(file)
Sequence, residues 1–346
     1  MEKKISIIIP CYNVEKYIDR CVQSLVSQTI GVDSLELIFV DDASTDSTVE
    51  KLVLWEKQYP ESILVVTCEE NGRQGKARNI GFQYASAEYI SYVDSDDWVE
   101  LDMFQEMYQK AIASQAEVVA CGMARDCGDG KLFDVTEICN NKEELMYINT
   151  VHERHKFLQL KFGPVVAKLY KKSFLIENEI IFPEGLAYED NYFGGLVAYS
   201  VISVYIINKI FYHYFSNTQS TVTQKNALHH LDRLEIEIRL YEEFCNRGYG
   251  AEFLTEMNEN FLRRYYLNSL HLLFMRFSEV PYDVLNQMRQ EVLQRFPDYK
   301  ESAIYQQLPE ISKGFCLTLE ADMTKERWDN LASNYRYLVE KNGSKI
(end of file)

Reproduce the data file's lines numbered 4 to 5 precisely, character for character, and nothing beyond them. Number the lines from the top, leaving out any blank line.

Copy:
   101  LDMFQEMYQK AIASQAEVVA CGMARDCGDG KLFDVTEICN NKEELMYINT
   151  VHERHKFLQL KFGPVVAKLY KKSFLIENEI IFPEGLAYED NYFGGLVAYS